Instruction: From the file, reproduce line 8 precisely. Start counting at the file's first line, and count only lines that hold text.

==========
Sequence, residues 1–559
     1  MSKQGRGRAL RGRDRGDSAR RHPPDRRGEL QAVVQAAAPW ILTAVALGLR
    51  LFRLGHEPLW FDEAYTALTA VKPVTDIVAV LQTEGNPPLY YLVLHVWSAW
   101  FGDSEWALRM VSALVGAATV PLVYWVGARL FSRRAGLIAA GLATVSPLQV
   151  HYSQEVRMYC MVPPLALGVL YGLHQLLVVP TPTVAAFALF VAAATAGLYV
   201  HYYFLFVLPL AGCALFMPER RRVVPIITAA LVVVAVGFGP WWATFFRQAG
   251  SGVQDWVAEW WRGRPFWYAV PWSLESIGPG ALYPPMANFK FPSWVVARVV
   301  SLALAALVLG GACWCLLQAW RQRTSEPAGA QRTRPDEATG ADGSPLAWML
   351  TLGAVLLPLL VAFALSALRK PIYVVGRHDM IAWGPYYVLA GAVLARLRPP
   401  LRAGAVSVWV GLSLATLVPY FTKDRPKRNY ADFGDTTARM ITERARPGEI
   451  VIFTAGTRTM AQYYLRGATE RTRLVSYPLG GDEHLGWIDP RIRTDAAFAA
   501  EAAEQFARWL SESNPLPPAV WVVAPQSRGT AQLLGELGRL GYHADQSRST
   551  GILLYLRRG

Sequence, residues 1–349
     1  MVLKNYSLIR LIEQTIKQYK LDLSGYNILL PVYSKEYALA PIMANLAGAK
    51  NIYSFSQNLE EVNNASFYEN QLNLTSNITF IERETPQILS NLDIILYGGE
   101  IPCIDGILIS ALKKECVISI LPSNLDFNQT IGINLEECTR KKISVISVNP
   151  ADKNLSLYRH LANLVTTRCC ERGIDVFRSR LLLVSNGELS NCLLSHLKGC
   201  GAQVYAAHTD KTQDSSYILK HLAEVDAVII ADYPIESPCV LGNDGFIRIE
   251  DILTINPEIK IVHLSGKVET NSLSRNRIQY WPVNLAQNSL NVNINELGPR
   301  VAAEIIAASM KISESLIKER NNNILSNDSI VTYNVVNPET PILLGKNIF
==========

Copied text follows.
   301  SLALAALVLG GACWCLLQAW RQRTSEPAGA QRTRPDEATG ADGSPLAWML